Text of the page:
for reference, i'm 170, press 115 and do handstand pushups against a wall with 2 abmats (about 4" from floor). i can probably do between 10 and 15 before failure.
     
  5. pauldun170

    pauldun170 Diamond Member

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    I weigh about 185-ish and will typically work my way up to about 205lb max standing overhead press.

    When you guys say military press do you mean standing where the heals are touching or seated?
     
  6. blackdogdeek

    blackdogdeek Lifer

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    when i say press i mean standing with feet a little less than shoulder's width apart.
     
  7. Baked

    Baked Lifer

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    I do handstand pushup and it puts a lot of strain on your wrists and palm. If my wrists/palm are not 100%, I don't do it because I know I'll injure myself.

    If I'm 100%, I do about 10 of them a set, 2 sets. I started doing this back when I was in high school, around 120 lbs. I'm between 127 to 130 lbs. right now.
     
  8. pauldun170

    pauldun170 Diamond Member

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    Ok..got it. That's what I do.
    I've heard the term military press used "liberally" throughout the years.
     
  9. EvilYoda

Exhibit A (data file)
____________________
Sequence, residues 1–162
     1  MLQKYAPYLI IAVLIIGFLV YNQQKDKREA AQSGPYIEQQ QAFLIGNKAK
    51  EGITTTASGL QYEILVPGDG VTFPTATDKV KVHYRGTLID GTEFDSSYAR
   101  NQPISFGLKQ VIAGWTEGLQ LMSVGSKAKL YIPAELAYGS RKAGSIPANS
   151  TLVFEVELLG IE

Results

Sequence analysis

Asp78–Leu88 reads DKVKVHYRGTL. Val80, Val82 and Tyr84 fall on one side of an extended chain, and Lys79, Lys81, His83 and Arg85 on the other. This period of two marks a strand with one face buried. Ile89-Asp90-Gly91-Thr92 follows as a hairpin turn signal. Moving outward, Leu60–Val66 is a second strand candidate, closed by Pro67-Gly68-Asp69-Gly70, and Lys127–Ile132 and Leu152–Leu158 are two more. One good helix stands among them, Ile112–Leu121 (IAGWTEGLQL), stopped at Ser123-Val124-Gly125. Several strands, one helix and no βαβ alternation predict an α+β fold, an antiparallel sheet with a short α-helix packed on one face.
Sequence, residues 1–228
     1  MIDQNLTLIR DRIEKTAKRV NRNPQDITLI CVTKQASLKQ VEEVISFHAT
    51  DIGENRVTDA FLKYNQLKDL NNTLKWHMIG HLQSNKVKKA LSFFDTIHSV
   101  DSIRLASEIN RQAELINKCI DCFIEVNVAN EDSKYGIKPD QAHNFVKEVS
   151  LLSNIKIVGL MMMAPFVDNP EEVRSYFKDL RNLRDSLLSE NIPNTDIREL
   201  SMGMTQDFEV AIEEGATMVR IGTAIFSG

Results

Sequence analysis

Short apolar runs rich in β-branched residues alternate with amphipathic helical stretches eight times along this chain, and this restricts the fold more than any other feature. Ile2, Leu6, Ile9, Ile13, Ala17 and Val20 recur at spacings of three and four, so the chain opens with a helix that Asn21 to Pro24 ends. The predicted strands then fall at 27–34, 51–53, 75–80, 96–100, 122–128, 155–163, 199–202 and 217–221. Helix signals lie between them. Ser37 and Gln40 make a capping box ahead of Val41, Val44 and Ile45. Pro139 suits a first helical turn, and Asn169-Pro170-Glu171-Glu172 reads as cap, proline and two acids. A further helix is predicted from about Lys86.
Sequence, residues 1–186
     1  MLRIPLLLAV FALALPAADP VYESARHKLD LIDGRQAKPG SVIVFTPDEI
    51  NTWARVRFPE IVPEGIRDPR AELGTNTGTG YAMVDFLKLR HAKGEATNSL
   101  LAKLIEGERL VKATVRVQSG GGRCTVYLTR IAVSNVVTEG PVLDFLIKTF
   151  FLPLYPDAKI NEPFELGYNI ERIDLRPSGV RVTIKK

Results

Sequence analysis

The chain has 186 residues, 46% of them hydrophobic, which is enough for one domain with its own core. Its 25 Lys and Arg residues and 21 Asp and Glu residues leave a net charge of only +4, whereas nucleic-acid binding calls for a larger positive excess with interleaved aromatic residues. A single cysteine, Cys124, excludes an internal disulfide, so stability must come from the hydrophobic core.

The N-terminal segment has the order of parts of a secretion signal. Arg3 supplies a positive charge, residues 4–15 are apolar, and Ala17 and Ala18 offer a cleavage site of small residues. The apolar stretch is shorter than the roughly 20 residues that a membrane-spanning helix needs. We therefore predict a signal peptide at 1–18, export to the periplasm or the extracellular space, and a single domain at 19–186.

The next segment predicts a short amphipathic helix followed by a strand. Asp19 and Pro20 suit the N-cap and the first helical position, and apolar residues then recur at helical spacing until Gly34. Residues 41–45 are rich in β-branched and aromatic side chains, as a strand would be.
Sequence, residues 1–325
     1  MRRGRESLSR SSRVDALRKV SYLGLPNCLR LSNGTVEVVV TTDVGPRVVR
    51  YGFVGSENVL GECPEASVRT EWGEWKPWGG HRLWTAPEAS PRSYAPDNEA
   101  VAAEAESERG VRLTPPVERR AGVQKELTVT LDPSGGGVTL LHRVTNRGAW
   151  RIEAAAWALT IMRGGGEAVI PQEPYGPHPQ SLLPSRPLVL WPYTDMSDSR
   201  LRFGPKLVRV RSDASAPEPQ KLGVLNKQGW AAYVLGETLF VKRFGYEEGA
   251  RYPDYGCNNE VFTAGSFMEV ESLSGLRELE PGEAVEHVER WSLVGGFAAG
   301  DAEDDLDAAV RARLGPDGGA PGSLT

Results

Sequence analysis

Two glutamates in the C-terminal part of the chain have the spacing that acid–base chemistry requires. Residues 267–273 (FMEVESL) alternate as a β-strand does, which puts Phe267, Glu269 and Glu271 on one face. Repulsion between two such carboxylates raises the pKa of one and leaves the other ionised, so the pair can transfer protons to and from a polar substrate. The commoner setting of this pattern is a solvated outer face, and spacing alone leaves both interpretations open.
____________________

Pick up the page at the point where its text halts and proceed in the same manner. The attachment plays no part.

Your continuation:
EvilYoda Lifer

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    I agree that there isn't going to be any clear indicator or correlation that says "you can do a HSPU"...it just takes time. Use progressions like blackdog said, use a bumper or ab-mat under your head to reduce to the distance traveled. Once you get one, try a volume method (every minute on the minute, do 1/2/3 HSPU) or grease-the-groove method.

    They've always come pretty easily to me, but I have better than average strength-to-weight ratio. Look up some videos on hand placement, proper muscle activation and how you should hold your body while you're against a wall (try to maintain a hollow or close to it, don't let your midline sag, etc).

    edit: oh, and static hand-stand holds and negatives are great too if you're working up to a HSPU.
     
  10. arrfep

    arrfep Platinum Member

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    Thanks SC, totally respect your input here. Wasn't looking for a conversion, per se, just some ballpark estimates as to what numbers translate to HSPU ability for various people. You raise a good point about making sure the rest of the body is up to the task as well. I think my core's up to the task, as I've been training abs/obliques for strength over the past year or so.